Consumer driven companies should look to the human need for connection

| November 30, 2015

When technology connects people in a way that enables real interpersonal relationships, it has vast potential to increase happiness. Michelle Dixon takes us on a journey from connection over collaboration to community.

What do you think makes people happy?

Go on, have a guess.

Financial security? Health? One might think that the most basic ‘survival’ needs are those which humans long for most deeply in order to be happy, along the lines of Maslow’s “hierarchy of needs.”

Here is the reality.

In one the largest studies on what makes people happy, social scientists John Helliwell and Robert Putnam examined the well-being of a large sample of people in 51 countries and found this: social connections in the form of family, friends and community are vital to life satisfaction and happiness.

But connections are not just important in and of themselves—the most meaningful experiences involve bonding. Matthew Lieberman, a distinguished social psychologist and neuroscientist, confirmed that one of the brain’s primary functions is to forge human relationships. In his book Social: Why Our Brains Are Wired to Connect, he argues that our brains value real connections with other people as being just as central to our happiness as shelter and food.

What does this have to do with tech?

In the human connection stakes, technology is getting it right, gradually. Innovation is following a trajectory towards increased human interaction that fosters bonding, not just connecting and collaborating, and entrepreneurs should stay tuned, because the next wave is coming, and there is massive opportunity.

Connected, collaborative and community-based

With the internet age came connection on an unprecedented scale, and today we are ever more connected to ever more people, in virtual networks that unite us by interest, profession, shared suffering, quirky hobbies, ad infinitum.

Collaboration is the natural extension of connection, reflected by current tech growth. We collaborate to consume, to entertain ourselves, and for experiences, learning, exercise, causes, for experiments, for business – you name it. From Uber to Taskrabbit, Snapgoods to Localmind, Airbnb, and more, technology is hot when it helps us collaborate more easily.

Community is the natural extension of collaboration. From online forums, social media groups, online courses, fan gatherings and more, community is a global drive that reflects what all the research indicates: we need social connection for happiness. Scott Heiferman recognized the importance of real, live community after 9/11 in the US, and started Meetup. Other examples abound. Some stand-outs: Humans of New York galvanizes millions to fund charitable drives, and artists like Amanda Palmer can bypass music labels with fan-driven fundraising. Communities create change.

Yet, connection and collaboration alone are not enough for happiness—all evidence points to real, genuine relationships as the factor that most matters.

When it comes to relationships, it’s still hit and miss

The truth is, and there’s no harm admitting it, online connection, collaboration, and community can bring isolation as much as togetherness. It can bring the pain of comparison, as much as it confers joy in solidarity. Moreover, it doesn’t always create the outcomes one might assume. More than 90% of people who enroll in online courses never complete it, to reference a commonly quoted statistic. It’s just the case that having real, live human interaction in a classroom setting makes a difference—and not just in the classroom.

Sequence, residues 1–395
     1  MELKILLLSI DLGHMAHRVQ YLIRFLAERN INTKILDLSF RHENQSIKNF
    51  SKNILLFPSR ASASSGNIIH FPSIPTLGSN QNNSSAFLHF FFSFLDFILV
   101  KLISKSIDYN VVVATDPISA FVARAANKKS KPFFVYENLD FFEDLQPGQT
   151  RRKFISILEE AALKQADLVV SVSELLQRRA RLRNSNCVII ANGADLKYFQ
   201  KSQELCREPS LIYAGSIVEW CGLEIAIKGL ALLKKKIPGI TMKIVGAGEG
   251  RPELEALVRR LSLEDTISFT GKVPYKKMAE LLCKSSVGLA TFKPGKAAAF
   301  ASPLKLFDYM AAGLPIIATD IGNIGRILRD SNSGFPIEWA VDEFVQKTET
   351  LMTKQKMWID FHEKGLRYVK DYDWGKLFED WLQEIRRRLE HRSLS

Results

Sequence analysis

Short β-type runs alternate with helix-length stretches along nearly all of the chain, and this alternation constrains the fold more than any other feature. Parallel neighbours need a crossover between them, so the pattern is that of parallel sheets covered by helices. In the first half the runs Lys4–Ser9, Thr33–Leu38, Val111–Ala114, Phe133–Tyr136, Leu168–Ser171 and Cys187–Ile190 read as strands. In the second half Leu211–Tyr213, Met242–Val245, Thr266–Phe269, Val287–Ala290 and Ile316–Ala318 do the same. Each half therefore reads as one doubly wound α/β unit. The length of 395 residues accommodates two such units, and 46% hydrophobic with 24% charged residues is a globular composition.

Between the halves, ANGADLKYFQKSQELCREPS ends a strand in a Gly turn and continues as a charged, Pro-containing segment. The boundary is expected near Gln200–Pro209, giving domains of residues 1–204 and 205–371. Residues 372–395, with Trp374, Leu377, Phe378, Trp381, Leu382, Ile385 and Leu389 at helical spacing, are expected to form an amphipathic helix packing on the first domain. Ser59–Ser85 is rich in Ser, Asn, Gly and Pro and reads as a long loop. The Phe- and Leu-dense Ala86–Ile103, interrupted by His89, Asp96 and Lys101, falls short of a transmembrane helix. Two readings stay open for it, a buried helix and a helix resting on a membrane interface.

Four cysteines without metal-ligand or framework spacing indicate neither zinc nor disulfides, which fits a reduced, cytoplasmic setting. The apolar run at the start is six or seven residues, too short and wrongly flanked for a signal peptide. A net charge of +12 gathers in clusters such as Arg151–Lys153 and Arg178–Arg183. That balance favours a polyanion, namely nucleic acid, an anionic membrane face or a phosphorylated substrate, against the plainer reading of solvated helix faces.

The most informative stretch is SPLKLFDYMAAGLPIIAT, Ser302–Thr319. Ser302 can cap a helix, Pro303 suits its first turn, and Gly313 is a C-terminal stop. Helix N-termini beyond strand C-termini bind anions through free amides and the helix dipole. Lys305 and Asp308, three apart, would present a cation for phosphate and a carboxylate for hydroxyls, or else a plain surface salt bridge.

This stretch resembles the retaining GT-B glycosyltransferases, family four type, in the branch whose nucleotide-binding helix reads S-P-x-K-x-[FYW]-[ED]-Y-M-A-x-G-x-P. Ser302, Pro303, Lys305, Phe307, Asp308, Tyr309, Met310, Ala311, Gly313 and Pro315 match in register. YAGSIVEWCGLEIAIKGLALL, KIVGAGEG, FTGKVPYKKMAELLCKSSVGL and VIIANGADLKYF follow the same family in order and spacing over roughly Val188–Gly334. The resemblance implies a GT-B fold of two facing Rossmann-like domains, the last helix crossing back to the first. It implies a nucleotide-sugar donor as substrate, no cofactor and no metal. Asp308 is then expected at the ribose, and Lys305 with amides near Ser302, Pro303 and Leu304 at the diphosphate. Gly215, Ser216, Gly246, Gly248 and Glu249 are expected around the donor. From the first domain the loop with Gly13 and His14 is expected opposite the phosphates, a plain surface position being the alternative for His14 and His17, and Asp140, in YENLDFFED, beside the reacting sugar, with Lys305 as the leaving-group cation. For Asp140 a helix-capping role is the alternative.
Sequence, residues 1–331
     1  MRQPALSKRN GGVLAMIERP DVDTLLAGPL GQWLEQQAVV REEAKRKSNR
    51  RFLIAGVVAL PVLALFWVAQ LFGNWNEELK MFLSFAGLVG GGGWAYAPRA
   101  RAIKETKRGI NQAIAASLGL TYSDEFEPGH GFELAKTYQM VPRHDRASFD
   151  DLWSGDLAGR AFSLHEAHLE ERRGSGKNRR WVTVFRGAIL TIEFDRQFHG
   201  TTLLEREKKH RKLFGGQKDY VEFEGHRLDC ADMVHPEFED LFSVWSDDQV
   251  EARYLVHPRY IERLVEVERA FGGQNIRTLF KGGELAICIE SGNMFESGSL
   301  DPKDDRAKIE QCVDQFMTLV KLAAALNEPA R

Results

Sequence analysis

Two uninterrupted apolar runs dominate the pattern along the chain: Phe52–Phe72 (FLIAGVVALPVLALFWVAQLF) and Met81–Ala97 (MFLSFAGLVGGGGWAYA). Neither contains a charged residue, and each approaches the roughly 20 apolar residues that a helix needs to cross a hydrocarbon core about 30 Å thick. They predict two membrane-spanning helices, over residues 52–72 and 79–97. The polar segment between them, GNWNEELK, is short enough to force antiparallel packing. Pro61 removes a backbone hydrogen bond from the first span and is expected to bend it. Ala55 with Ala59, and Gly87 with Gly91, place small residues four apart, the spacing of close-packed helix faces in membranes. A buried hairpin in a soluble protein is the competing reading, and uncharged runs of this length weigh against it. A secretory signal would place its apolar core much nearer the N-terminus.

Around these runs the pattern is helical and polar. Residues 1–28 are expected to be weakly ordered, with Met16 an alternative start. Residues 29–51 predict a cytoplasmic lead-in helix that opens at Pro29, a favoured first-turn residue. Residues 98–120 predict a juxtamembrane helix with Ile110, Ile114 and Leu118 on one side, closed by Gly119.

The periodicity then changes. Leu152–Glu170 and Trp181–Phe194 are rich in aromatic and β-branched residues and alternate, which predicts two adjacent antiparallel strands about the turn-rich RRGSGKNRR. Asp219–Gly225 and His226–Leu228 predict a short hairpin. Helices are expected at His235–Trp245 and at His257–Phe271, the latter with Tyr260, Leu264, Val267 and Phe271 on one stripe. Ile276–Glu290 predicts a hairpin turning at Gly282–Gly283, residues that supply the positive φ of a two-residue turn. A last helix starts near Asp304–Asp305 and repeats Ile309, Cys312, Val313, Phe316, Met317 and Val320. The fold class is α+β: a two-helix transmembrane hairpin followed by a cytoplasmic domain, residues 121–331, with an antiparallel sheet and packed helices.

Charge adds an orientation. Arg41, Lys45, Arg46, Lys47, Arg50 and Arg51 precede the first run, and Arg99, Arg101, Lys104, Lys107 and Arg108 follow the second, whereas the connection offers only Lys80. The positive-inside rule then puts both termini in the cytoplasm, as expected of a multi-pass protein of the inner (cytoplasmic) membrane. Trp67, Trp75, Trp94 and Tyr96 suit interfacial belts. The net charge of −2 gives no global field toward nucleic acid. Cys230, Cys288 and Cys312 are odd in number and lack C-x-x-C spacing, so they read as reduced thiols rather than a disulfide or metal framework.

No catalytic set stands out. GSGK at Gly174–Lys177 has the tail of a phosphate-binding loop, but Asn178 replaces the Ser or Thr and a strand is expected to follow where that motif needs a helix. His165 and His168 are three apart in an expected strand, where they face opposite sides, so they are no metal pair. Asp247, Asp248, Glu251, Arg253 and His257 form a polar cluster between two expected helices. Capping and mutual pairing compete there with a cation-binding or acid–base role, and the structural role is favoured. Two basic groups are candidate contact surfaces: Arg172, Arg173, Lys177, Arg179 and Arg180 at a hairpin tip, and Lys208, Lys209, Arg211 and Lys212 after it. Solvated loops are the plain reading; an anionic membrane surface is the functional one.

According to research carried out by UPS, 70 percent of small business owners that receive personal one-on-one mentoring survive for five years or more, double the rate of those who do not have this personal, intimate business advice.

When does tech get it right? Partly it’s about how technology is used. For every person who decries the falseness and social pressure of social media, like Instagram model Essena O’Neill who famously and publicly quit, there is a story of technology bringing people together. Have a look at these US school kids connecting to kids all over the world via Skype.

When tech fosters genuine human connections, it can’t go wrong.

Our access to the world is at once more vast than it has ever been, AND our time is every more limited. Yet, never before in human history have we been able to contact someone so quickly on the other side of the world. To the extent that technology connects people in a way that is fundamental to forging real interpersonal relationships, it has vast potential to increase happiness.

Yet a decde post-Meetup, there is still the looming question of the extent to which technology dilutes rather than fosters real human connection. European Union leaders tackled this head on in 2012 with their project “TA2” (Together anywhere, together anytime’). This research examined how new technologies could improve the ways in which people nurture and develop their relationships, both via one on one and group-to-group communication such as within families. They analysed specific means by which technology can be improved in order to enable groups to build relationships when apart. Their conclusion? Yes, it can, but there is still a way to go, and much untapped potential.

From virtual classrooms to interactive games requiring one-on-one connection, forging relationships is key to happiness. What will happen here in the tech space? Stay tuned.

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Michelle Dixon
Michelle Dixon is Founder and CEO of Kindred Global Mentorship, an online market matching mentors and mentees in small business, whilst donating 15% of profits to charities working to end global poverty. www.KindredMentor.com

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